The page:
To determine the percentage of the area that is visible from your observer locations, you can simply reclassify the output as a Boolean (
not visible=0). Then get the total count of raster as a proportion of the total number of cells in your study area as per this example. If you don't have Spatial Analyst, then an alternative option would be to make one raster as described and another where visible cells are any value and everything else is NoData. Then get the counts of all cells in the study area and visible cells using the Summary Statistics tool.
However, that only gets you the percentage for one scenario, and if I have understood your question, you want to move points to optimise visibility. To determine which points to move, I'd recommend looking at the Observer Points tool. From this you can determine which point(s) are contributing the least
to the total visibility and which ones have the most overlap of visibility (and are therefore a bit redundant - and thus are candidates to be moved). You could then approach the iterative nature of this in a few ways:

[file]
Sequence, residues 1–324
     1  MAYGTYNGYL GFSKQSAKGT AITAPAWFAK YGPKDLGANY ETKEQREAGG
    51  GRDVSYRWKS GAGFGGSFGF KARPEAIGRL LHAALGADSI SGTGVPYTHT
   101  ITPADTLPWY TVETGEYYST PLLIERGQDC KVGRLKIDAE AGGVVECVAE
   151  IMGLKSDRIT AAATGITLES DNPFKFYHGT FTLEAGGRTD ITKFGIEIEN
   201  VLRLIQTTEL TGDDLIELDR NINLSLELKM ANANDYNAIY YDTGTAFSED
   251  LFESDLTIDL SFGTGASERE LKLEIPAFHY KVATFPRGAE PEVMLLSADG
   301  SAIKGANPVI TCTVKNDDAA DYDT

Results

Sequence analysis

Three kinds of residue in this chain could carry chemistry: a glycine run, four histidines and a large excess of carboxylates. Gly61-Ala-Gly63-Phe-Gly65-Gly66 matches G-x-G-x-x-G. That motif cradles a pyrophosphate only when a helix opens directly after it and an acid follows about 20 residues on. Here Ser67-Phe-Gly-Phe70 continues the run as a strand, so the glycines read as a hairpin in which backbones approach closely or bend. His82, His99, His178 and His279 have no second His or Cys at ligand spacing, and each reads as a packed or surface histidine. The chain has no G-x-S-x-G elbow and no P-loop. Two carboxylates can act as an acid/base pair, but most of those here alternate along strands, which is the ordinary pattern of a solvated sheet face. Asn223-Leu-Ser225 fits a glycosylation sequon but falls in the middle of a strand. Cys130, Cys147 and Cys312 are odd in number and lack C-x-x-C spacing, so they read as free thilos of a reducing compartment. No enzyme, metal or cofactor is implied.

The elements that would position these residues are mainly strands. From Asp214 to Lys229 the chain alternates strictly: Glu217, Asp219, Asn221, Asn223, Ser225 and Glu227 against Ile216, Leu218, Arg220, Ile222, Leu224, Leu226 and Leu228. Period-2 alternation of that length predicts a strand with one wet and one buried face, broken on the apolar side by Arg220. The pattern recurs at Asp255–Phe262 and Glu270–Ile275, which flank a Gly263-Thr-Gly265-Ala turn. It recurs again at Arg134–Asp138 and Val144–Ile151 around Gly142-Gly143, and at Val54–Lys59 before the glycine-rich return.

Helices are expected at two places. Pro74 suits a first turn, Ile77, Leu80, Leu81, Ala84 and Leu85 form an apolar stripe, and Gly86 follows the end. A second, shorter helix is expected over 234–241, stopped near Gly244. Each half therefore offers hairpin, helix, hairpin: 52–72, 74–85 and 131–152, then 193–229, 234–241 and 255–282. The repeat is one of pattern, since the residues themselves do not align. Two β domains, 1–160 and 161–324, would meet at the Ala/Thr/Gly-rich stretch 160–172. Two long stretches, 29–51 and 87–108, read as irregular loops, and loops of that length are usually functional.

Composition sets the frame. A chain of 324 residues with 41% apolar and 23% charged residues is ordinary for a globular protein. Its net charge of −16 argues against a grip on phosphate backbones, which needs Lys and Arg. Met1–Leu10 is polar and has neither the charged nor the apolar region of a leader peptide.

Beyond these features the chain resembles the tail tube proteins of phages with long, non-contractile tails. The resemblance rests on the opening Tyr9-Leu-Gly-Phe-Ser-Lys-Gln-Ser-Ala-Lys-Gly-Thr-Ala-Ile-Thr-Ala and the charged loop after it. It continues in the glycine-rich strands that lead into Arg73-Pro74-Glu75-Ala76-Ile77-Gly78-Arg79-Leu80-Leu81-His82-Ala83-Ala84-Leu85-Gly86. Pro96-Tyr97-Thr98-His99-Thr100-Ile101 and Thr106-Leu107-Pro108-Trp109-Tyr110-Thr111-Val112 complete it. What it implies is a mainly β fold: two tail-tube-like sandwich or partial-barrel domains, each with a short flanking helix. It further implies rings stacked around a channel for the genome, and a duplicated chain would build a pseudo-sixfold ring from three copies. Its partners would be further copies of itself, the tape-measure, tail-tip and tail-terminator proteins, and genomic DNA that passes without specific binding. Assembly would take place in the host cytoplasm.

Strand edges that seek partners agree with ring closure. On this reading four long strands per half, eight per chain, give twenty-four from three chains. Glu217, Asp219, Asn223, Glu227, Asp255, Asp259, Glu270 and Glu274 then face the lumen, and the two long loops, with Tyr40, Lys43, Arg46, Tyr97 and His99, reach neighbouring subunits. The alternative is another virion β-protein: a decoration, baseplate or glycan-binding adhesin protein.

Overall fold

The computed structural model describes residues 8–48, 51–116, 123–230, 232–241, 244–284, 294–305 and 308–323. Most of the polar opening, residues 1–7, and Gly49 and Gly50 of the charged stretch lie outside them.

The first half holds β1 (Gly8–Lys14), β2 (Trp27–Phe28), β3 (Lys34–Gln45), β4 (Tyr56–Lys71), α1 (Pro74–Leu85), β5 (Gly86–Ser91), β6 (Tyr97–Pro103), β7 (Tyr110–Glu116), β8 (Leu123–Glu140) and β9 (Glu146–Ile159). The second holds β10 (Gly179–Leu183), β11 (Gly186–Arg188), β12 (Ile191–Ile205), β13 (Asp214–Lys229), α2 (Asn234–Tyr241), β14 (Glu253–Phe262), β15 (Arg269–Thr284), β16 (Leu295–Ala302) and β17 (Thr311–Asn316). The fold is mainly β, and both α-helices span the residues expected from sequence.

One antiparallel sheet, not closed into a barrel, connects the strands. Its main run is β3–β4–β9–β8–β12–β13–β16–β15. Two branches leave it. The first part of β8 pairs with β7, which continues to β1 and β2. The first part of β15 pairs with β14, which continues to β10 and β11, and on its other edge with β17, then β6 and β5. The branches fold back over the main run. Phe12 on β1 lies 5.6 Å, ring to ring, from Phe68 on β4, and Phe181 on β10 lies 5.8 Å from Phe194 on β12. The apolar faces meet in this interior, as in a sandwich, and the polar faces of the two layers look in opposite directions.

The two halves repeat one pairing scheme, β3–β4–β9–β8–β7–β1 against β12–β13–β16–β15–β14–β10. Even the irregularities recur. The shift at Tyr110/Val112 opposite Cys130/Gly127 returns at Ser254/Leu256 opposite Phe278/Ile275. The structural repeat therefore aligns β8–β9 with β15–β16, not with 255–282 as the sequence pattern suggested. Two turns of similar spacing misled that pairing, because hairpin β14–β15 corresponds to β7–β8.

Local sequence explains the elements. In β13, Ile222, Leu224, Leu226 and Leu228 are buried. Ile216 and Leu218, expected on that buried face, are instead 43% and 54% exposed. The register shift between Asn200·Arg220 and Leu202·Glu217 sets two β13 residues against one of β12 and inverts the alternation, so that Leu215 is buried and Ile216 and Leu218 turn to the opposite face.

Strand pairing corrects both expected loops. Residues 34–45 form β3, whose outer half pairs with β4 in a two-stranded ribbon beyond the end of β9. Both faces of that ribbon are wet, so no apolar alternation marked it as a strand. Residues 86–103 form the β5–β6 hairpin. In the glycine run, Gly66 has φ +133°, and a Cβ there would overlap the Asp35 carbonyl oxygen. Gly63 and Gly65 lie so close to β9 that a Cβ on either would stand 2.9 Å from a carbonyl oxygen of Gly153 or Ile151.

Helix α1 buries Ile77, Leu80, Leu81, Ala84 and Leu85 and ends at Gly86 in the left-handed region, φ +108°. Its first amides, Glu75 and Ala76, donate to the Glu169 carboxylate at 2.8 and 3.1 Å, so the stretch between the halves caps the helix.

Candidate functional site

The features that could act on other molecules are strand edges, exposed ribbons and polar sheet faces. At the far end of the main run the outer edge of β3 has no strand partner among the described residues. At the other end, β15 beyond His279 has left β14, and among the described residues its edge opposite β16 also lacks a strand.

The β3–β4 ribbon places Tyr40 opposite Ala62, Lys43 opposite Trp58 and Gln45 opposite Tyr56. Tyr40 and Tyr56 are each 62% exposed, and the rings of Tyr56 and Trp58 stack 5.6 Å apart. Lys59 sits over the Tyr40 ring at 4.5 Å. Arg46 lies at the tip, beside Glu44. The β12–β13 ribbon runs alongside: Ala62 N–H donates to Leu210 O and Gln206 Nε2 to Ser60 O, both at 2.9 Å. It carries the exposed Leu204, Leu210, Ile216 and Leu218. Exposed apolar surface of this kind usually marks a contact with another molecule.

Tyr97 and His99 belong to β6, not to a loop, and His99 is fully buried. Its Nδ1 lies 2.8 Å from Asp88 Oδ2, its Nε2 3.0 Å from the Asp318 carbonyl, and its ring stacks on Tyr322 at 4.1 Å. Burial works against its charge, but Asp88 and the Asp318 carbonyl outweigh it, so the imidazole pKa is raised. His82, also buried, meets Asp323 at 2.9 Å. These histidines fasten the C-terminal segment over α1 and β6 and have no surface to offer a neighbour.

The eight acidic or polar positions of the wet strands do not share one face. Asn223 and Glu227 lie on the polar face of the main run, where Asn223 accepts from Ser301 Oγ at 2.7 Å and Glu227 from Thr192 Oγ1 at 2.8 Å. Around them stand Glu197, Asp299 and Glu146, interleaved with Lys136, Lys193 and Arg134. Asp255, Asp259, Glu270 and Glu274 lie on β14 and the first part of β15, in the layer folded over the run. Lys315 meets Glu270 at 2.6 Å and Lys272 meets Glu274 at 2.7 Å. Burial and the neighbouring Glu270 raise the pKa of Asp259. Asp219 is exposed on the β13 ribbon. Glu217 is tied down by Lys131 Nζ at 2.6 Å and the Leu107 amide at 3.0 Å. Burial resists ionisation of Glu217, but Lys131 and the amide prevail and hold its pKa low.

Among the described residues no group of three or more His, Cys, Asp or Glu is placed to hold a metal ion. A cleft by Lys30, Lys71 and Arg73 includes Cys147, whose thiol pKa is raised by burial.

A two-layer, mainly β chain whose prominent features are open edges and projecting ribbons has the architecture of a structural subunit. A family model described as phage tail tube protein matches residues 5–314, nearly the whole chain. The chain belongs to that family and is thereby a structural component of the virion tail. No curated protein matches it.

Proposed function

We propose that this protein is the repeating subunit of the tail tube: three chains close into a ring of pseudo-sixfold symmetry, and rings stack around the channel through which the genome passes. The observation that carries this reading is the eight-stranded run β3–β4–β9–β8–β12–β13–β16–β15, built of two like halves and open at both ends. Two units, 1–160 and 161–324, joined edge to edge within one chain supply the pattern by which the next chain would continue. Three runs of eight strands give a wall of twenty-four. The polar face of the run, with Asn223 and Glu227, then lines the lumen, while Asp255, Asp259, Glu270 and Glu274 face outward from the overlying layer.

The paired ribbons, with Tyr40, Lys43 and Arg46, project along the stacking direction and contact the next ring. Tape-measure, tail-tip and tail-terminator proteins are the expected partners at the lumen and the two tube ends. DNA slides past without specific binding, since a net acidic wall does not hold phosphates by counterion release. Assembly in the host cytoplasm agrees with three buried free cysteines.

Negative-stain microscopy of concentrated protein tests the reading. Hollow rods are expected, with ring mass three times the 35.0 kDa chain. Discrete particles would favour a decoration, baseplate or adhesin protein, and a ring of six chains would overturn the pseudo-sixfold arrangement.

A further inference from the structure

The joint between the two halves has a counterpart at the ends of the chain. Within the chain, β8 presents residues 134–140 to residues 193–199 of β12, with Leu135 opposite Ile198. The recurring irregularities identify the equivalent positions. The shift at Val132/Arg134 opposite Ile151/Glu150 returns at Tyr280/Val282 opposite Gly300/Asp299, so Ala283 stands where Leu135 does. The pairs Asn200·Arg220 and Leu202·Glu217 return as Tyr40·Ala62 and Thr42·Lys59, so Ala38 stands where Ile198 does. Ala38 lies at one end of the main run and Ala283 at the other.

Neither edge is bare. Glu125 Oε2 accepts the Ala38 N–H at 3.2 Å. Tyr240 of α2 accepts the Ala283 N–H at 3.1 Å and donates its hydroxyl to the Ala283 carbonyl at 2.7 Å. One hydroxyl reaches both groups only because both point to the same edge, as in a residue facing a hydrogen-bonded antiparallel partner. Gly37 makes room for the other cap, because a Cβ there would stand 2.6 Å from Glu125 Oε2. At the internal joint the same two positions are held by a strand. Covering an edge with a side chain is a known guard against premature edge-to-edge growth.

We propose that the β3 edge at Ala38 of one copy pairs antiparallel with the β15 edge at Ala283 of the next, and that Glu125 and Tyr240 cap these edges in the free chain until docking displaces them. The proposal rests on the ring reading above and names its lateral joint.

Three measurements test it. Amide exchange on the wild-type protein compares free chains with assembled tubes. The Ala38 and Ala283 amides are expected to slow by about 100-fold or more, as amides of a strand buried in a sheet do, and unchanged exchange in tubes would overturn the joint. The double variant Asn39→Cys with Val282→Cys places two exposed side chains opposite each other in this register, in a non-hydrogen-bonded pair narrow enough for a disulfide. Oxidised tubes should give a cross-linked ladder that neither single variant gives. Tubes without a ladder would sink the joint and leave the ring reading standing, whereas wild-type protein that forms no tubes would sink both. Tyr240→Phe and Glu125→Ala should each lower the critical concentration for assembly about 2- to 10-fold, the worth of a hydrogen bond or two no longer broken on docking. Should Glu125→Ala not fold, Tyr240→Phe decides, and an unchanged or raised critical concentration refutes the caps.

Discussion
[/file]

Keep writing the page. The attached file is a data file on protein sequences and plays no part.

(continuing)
- Manually - if you are very familiar with the area, you may be able to move points based on local knowledge that informs you about accessibility, obstructions and terrain height. If a quick improvement rather than maximal optimisation is sufficient, then you could test half a dozen iterations and pick the best.
- Repeatedly test randomly located observers until you find the best positions, probably limiting this to n iterations (where n is large, depending on the speed of your computer and patience). I'd refine this by restricting the locations where the points can be randomly located to higher ground. You'll need to write some Python for this.
- Start with a logical positioning of the observers and then iterate n-times but this time, identify the point(s) contributing the least to visibility (as described above) and then moving it to higher ground within some radius of its current location - you'll need some sanity checks here to prevent the program flip-flopping the point between just two locations.